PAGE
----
Preparation for a cycling holiday

Nothing is as good as a date with mother nature wheeling along on a bike, silently and without polluting the environment. Unfortunately, there are far too few who trust themselves to travel by bike. Could it be an ignorance or inferiority complex when faced with nature, e.g. because of the great vastness of, and a fear of getting to grips with, nature in all her forms? People have become accustomed to flying around here there and everywhere in their fast cars and so their sense of distance has changed, and it seems that people have stopped noticing the smaller details in nature and have simply forgotten that  these things even exist. Thus, the slower pace of travel by bike can lead to frustration or impatience unless we really get to grips. All those who have been to a gym or fitness centre know how hard those first exercises can be but after a few days this exercise becomes a necessity, even an addiction.  The key to all this is the same as when a positive attitude needs to be built up, and difficulties thrown our way are confronted with open arms. When each particular problem is tackled and resolved you’ll find that before you know it doors open to reveal a fantastic world which Nature truly is. Though a positive attitude will take you a long way, it certainly helps to be well prepared.

If a longer trip on a bike is being planned then it is essential that you get used to the bike that will be used on the trip by going on shorter, and longer weekend trips. It is best to use the your bike daily, at least one month before departure. It builds up the body and encourages people to enjoy nature in a different and more intimate way. The following are a few things that many think are complicated. It could, therefore, be ideal to pop along to the Icelandic Mountain Bike Club’s weekly open evenings (www.this.is/hjol) to find out more. The club regularly holds seminars on keeping your bike in good working condition, and also preparation for bike trips. Everyone is welcome to attend and take part in these evenings as well as club trips. Requesting a certain seminar or talk is also possible.

Does the bike work?

It is no good being in good physical shape if the bike is falling apart. All bikes need going over, even new ones. This is not to say, though, that bikes complicated machines. On uncared for, and older bikes, nuts and bolts are often loose or too tight, and moving parts in need of lubrication. The components on these bikes are frequently made from metal that rusts, wears out or have stripped threads. Tools maybe aren’t quite a good fit for the nuts and bolts which makes upkeep of the bike more difficult and time consuming.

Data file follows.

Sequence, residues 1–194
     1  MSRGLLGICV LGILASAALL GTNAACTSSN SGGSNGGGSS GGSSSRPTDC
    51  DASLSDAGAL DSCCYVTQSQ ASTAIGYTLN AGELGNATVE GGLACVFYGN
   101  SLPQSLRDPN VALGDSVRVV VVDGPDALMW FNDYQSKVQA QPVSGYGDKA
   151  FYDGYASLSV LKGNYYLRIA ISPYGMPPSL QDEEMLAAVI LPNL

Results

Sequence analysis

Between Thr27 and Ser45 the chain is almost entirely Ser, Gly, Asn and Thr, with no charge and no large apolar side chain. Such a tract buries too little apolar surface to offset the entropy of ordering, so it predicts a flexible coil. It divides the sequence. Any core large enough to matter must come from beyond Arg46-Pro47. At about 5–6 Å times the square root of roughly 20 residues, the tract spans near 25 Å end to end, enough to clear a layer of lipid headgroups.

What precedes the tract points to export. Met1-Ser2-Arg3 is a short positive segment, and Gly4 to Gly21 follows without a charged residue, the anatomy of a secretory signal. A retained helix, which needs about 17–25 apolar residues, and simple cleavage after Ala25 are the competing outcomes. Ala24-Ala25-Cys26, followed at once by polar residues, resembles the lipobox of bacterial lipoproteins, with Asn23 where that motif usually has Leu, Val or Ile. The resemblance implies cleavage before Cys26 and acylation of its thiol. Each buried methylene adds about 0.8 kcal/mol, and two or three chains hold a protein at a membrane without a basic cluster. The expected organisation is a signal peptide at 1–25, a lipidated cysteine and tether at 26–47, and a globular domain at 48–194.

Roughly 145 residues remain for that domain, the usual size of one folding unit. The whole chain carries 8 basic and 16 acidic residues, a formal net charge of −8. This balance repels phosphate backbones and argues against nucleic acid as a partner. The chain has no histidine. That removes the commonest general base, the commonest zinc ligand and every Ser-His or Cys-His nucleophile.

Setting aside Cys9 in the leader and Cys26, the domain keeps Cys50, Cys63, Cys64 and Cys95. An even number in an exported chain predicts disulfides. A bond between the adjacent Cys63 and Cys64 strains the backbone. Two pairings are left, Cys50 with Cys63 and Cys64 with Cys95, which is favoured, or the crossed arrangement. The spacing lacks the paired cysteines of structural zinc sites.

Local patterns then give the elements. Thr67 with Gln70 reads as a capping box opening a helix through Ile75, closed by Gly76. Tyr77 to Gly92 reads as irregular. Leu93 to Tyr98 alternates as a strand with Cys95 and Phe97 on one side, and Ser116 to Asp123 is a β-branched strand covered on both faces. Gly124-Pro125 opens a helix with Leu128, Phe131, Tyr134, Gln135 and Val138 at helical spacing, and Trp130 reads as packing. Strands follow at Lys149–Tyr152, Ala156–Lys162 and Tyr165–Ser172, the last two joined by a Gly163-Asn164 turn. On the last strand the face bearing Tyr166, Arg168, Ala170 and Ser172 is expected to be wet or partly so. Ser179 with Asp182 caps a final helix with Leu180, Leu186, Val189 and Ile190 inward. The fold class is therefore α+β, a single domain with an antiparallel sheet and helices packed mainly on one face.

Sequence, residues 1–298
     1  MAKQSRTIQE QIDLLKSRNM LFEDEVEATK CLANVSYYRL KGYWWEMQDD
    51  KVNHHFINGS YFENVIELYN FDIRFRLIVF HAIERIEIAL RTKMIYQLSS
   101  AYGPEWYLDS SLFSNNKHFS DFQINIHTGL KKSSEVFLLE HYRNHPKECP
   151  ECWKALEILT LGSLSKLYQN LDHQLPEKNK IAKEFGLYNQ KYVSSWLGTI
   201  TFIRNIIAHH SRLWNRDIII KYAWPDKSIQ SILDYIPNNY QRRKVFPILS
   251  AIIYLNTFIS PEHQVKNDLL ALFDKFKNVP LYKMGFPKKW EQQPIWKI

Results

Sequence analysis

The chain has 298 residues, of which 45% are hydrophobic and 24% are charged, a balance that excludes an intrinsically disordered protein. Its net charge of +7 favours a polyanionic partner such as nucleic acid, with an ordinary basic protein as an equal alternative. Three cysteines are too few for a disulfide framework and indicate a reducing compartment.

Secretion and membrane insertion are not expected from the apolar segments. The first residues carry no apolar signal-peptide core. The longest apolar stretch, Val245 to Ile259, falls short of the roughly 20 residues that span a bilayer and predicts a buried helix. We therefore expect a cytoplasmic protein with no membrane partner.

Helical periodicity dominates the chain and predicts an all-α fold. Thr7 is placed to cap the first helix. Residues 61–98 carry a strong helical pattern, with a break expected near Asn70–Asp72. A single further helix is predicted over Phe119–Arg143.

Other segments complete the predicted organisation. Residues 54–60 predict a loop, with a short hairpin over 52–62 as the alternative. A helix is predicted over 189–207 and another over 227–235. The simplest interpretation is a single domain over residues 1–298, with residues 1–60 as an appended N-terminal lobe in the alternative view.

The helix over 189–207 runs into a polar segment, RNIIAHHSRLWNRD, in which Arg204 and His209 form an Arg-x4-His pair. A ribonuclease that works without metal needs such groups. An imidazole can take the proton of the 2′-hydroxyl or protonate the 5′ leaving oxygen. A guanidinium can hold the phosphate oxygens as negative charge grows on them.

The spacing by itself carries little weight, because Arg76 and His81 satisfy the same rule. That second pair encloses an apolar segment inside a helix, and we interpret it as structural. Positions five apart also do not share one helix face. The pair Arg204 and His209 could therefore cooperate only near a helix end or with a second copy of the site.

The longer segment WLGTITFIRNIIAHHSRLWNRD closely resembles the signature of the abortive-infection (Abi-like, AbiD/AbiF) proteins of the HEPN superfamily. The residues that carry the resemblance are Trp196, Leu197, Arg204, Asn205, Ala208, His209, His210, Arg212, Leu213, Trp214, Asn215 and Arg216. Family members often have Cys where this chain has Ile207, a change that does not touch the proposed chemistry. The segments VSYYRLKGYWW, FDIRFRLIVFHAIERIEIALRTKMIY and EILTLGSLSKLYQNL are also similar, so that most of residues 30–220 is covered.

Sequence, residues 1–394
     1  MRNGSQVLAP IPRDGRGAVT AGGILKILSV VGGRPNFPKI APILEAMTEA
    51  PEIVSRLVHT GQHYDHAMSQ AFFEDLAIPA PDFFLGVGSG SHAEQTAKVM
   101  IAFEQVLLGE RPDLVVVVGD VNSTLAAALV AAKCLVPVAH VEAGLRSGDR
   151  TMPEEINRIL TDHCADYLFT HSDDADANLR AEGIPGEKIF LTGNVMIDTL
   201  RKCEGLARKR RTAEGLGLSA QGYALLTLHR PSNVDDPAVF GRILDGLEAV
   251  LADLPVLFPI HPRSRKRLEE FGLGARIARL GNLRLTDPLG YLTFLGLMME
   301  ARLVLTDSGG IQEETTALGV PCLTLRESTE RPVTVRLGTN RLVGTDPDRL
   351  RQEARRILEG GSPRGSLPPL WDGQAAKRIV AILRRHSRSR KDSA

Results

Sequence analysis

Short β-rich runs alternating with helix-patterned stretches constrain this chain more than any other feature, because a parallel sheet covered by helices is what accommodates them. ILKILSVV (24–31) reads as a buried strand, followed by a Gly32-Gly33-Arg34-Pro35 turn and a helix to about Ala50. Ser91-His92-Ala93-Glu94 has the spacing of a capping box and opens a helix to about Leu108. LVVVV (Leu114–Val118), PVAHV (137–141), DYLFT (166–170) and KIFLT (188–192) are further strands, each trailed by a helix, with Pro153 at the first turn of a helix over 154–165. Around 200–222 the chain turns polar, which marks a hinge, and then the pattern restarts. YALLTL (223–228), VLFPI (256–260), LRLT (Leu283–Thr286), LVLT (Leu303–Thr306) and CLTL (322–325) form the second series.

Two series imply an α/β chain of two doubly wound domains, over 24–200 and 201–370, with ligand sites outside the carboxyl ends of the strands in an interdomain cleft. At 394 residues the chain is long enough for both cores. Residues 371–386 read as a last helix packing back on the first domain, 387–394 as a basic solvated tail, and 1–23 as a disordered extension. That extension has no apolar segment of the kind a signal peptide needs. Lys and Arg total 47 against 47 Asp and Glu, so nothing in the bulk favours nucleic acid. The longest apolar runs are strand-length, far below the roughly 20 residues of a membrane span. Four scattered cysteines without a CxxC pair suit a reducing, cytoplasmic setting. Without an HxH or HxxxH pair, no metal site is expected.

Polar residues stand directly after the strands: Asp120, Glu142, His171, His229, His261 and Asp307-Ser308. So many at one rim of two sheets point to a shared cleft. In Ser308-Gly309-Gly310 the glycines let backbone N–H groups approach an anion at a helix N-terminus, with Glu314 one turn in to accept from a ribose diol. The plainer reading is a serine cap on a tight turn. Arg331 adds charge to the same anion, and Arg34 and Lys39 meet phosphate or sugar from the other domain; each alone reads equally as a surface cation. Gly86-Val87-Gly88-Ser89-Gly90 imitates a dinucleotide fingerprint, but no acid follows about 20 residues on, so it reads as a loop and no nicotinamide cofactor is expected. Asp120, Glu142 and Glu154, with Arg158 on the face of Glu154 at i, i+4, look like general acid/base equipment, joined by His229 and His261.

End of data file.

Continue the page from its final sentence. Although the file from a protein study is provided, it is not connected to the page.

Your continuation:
On more expensive and newer bikes 1-3 allen keys is all that is needed to adjust the whole bike. Most of us should be able to check the following points ourselves: Are the front and rear mechs well adjusted and oiled? Check the high and low adjustment screws. Do the brake blocks/pads sit correctly? Are the brake and gear wires still in good nick and not rusty at all?  Is there slack in the hubs or have they been tightened too much? The same  needs to be checked for the cranks and headset. Are any of the spokes too slack or tightened too much? Are there any cracks, or bad signs of wearing in the rims or maybe out of true? Is the chain worn? If it needs replacing then the rear cassette (block) will probably need replacing. Experience shows that a new chain will jump on old chain rings when force is applied. Are the axles bent? If so, the fork ends will almost definitely need straightening. It is possible to get someone in the mountain bike clubhouse to check this. Bent axles and  fork ends are the reason that axles break and therefore vitally important that they are as should be. You should note that workshops are overloaded with work in Spring and Summer and therefore much better to check as many as the above mentioned points at home with the added bonus of learning something at the same time. Get someone to check just those details which you really don’t trust yourself to deal with. When the bike is ready, it is advisable to go on a short weekend trip with all your gear.

Racks and Trailers